Using Viewports


Think of a Viewport as a screen onto which the game is projected. In order to see the game, we need to have a surface on which to draw it; that surface is the Root Viewport.


Viewports can also be added to the scene so that there are multiple surfaces to draw on. When we are drawing to a Viewport that is not the Root, we call it a render target. We can access the contents of a render target by accessing its corresponding texture. By using a Viewport as a render target, we can either render multiple scenes simultaneously or we can render to a texture which is applied to an object in the scene, for example a dynamic skybox.

Viewports have a variety of use cases, including:

  • Rendering 3D objects within a 2D game

  • Rendering 2D elements in a 3D game

  • Rendering dynamic textures

  • Generating procedural textures at runtime

  • Rendering multiple cameras in the same scene

What all these use cases have in common is that you are given the ability to draw objects to a texture as if it were another screen and can then choose what to do with the resulting texture.


Viewports are also responsible for delivering properly adjusted and scaled input events to their children nodes. By default SubViewports don't automatically receive input, unless they receive it from their direct SubViewportContainer parent node. In this case, input can be disabled with the Disable Input property.


For more information on how Godot handles input, please read the Input Event Tutorial.


Godot supports 3D sound (in both 2D and 3D nodes); more on this can be found in the Audio Streams Tutorial. For this type of sound to be audible, the Viewport needs to be enabled as a listener (for 2D or 3D). If you are using a custom Viewport to display your World3D or World2D, don't forget to enable this!

Cameras (2D & 3D)

When using a Camera3D / Camera2D, cameras will always display on the closest parent Viewport (going towards the root). For example, in the following hierarchy:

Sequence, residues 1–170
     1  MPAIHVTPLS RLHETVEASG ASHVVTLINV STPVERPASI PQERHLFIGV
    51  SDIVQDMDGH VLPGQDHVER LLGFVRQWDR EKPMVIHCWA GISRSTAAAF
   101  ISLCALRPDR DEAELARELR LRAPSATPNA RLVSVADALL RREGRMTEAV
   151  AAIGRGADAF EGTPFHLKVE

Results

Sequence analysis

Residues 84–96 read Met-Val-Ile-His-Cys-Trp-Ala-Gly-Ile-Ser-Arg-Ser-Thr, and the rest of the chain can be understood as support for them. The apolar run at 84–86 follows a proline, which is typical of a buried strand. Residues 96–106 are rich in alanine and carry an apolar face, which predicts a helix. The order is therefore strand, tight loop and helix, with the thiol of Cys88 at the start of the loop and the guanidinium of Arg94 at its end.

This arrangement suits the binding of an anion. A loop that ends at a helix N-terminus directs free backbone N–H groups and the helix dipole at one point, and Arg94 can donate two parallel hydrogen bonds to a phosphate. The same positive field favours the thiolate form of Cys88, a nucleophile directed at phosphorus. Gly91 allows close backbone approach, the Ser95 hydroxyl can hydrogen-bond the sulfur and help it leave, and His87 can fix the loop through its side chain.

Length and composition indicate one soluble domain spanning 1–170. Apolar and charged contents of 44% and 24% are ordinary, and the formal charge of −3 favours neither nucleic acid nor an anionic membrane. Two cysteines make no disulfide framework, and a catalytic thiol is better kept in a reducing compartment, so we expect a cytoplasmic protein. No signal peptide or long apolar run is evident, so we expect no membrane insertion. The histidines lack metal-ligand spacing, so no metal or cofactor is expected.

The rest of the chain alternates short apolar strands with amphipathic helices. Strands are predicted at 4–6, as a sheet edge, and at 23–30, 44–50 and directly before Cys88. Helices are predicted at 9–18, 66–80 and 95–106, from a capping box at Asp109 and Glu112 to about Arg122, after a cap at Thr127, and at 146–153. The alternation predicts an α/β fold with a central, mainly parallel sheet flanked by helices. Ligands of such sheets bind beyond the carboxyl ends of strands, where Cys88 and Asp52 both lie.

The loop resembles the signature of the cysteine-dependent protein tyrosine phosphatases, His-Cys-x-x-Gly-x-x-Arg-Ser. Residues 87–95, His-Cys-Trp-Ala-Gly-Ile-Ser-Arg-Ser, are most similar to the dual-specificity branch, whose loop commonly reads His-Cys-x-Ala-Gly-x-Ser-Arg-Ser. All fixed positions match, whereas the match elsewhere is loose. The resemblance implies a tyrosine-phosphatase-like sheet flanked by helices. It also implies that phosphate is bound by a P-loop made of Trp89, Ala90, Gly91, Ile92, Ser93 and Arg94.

CameraA will display on the Root Viewport and it will draw MeshA. CameraB will be captured by the Viewport Node along with MeshB. Even though MeshB is in the scene hierarchy, it will still not be drawn to the Root Viewport. Similarly MeshA will not be visible from the Viewport node because Viewport nodes only capture nodes below them in the hierarchy.

There can only be one active camera per Viewport, so if there is more than one, make sure that the desired one has the "current" property set, or make it the current camera by calling:


By default, cameras will render all objects in their world. In 3D, cameras can use their cull_mask property combined with the VisualInstance3D's layer property to restrict which objects are rendered.

Scale & stretching

Viewports have a "size" property, which represents the size of the Viewport in pixels. For Viewports which are children of SubViewportContainers, these values are overridden, but for all others, this sets their resolution.

It is also possible to scale the 2D content and make the Viewport resolution different from the one specified in size, by calling:

viewport.set_size_override(true, Vector2(width, height)) # Custom size for 2D.
viewport.set_size_override_stretch(true) # Enable stretch for custom size.

The root Viewport uses this for the stretch options in the project settings. For more information on scaling and stretching visit the Multiple Resolutions Tutorial


For 3D, a Viewport will contain a World3D. This is basically the universe that links physics and rendering together. Node3D-based nodes will register using the World3D of the closest Viewport. By default, newly created Viewports do not contain a World3D but use the same as their parent Viewport (the root Viewport always contains a World3D, which is the one objects are rendered to by default). A World3D can be set in a Viewport using the "world" property, and that will separate all children nodes of that Viewport from interacting with the parent Viewport's World3D. This is especially useful in scenarios where, for example, you might want to show a separate character in 3D imposed over the game (like in StarCraft).

As a helper for situations where you want to create Viewports that display single objects and don't want to create a World3D, Viewport has the option to use its own World3D. This is useful when you want to instance 3D characters or objects in a 2D World2D.

For 2D, each Viewport always contains its own World2D. This suffices in most cases, but in case sharing them may be desired, it is possible to do so by setting the Viewport's World2D manually.

For an example of how this works, see the demo projects 3D in 2D and 2D in 3D respectively.


It is possible to query a capture of the Viewport contents. For the root Viewport, this is effectively a screen capture. This is done with the following code:

# Retrieve the captured Image using get_image().
var img = get_viewport().get_texture().get_image()
# Flip on the Y axis.
# You can also set "V Flip" to true if not on the root Viewport.
# Convert Image to ImageTexture.
var tex = ImageTexture.create_from_image(img)
# Set sprite texture.
$sprite.texture = tex

But if you use this in _ready() or from the first frame of the Viewport's initialization, you will get an empty texture because there is nothing